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** Reply to message from r_ouellette <> on Mon, 10
Feb 2014 12:10:19 -0800 (PST)


Thanks for the tip. I'm assuming that you are referring to the PDF/A-1a
format regarding the fonts being included in the PDF. The only one that makes
a real difference in appearance is Courier New is much lighter than Courier.
The other two are virtually identical, at least at 12pt so for most work
those substitutions would work fine.


I create pdf files since 1997 and I tried almost every possible way to do so
(Linux or Windows softwares). LO does one of the best job!

If you want really small and efficient pdf, do the following :

Menu > Tools > Options > Fonts

and add these 3 substitutions (even if you don't have these fonts installed
on your PC):

Arial > Helvetica
Courier New > Courier
Times > Times New Roman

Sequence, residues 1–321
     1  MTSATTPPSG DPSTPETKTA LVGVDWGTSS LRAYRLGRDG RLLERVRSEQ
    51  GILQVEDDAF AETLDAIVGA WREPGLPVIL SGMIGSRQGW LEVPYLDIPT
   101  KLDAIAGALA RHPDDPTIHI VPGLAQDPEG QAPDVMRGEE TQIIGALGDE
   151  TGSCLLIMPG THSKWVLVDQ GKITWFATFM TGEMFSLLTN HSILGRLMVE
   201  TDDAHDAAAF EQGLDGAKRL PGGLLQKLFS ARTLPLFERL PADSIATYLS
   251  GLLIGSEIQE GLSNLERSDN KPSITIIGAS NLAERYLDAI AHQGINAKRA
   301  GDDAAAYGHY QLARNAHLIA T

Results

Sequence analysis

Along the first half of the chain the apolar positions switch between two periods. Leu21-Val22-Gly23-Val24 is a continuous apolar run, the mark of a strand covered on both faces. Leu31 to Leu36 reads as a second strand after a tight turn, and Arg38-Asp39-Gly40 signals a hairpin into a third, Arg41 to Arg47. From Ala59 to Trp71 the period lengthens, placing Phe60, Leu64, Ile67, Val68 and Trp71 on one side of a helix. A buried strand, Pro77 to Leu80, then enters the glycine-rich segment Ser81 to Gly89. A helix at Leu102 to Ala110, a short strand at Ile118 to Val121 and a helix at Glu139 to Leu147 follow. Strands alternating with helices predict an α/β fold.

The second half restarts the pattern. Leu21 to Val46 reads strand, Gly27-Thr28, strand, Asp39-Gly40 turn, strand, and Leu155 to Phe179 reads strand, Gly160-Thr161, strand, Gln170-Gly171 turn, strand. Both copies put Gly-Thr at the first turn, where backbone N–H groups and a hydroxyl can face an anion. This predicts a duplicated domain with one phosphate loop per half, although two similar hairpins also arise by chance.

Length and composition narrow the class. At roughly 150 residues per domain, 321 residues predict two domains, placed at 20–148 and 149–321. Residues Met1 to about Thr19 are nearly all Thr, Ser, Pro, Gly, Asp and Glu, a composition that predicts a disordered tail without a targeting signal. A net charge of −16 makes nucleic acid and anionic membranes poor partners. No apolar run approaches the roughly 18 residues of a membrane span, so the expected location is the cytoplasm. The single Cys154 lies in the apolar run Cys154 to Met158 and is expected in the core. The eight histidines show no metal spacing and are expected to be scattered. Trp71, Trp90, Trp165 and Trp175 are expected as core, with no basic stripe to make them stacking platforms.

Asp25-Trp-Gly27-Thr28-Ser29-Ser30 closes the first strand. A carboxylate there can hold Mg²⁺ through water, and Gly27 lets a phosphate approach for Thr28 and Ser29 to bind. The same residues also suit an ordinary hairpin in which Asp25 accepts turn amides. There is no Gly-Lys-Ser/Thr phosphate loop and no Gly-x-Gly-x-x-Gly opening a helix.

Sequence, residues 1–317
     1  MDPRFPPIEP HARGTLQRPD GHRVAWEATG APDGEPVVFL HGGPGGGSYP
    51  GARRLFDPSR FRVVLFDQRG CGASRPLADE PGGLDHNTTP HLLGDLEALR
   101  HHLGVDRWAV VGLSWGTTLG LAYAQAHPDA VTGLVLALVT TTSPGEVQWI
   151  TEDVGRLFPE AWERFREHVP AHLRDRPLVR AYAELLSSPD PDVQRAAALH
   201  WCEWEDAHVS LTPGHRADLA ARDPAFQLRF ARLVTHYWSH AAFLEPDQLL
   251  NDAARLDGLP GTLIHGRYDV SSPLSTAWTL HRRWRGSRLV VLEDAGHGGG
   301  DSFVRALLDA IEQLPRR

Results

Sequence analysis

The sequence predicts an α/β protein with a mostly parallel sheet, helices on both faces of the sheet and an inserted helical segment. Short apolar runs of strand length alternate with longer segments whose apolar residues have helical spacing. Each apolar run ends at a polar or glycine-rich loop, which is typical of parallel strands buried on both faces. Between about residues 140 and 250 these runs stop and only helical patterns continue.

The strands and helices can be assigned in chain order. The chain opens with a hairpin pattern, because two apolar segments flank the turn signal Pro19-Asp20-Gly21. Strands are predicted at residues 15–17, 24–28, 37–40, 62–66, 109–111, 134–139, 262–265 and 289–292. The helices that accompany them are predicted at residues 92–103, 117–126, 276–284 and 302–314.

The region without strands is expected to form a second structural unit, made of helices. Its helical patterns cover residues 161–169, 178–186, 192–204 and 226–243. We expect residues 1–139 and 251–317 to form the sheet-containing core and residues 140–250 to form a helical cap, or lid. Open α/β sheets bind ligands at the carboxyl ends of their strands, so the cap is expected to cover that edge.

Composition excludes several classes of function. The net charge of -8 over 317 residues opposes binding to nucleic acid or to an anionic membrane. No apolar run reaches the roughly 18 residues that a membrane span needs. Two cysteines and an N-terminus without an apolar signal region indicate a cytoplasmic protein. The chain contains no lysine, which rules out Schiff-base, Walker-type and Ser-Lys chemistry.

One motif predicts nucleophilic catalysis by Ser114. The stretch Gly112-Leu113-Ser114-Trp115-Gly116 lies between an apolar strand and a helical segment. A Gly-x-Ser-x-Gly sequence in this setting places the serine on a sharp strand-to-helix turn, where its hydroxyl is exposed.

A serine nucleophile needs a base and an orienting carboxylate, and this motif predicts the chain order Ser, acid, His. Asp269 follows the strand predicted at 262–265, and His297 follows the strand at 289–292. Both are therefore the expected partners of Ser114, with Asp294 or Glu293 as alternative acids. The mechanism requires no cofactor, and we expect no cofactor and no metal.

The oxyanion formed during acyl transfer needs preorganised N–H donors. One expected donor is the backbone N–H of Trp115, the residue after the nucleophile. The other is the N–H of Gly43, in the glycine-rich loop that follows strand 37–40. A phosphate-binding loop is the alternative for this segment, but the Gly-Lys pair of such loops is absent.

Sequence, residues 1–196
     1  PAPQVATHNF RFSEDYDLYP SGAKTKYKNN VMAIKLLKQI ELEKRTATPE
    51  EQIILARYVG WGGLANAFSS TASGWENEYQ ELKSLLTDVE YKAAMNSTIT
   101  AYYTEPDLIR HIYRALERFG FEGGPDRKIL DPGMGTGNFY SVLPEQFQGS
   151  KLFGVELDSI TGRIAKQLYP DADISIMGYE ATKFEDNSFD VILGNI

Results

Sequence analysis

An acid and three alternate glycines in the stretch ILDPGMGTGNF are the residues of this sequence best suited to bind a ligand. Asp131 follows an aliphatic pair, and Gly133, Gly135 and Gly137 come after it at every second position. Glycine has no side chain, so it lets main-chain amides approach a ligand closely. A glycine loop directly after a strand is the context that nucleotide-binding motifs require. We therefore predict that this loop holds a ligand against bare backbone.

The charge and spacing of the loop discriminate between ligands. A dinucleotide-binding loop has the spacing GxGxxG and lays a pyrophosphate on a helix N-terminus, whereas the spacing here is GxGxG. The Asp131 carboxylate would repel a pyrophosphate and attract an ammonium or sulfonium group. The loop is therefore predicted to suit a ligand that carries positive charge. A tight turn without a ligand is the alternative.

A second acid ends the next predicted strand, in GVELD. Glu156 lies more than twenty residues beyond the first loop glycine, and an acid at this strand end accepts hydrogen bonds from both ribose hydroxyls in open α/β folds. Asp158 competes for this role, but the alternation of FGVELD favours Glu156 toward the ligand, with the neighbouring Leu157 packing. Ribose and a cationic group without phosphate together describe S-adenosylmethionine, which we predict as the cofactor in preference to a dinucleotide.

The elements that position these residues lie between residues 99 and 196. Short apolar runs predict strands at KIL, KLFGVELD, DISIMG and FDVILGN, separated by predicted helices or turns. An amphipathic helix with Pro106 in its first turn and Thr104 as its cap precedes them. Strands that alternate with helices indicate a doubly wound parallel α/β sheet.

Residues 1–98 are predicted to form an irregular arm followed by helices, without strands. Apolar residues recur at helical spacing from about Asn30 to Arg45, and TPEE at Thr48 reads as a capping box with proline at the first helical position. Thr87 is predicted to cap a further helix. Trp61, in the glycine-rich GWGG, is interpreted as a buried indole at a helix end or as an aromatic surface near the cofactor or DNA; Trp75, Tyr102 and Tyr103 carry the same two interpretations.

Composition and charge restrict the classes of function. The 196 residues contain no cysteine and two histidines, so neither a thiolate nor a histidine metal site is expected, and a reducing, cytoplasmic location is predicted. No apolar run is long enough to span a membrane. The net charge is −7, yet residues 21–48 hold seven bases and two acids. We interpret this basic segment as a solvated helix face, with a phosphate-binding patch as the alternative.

and check « Allways » in front of each substitution.

This way you will use the always included 35 Type1 Adobe fonts that every
pdf reader provides and uses. True, Times is not Times New Roman but closely
related. You can do, of course, the same substitutions with the equivalent
Liberation fonts too, so Liberation Sans > Helvetica... etc. The Type1 fonts
to use are Helvetica, Courier and Times.

Try to create a pdf with these substitutions on and with substitutions off,
you'll be surprised how small your pdf can be when the ttf fonts are not
embeded. Don't forget that the substitutions are not possible if you embed
the ODF document in the pdf (hybrid pdf) because all fonts are then

This is another option that should appear by default, with the « always »
choice unchecked but visible to give the user a real choice.


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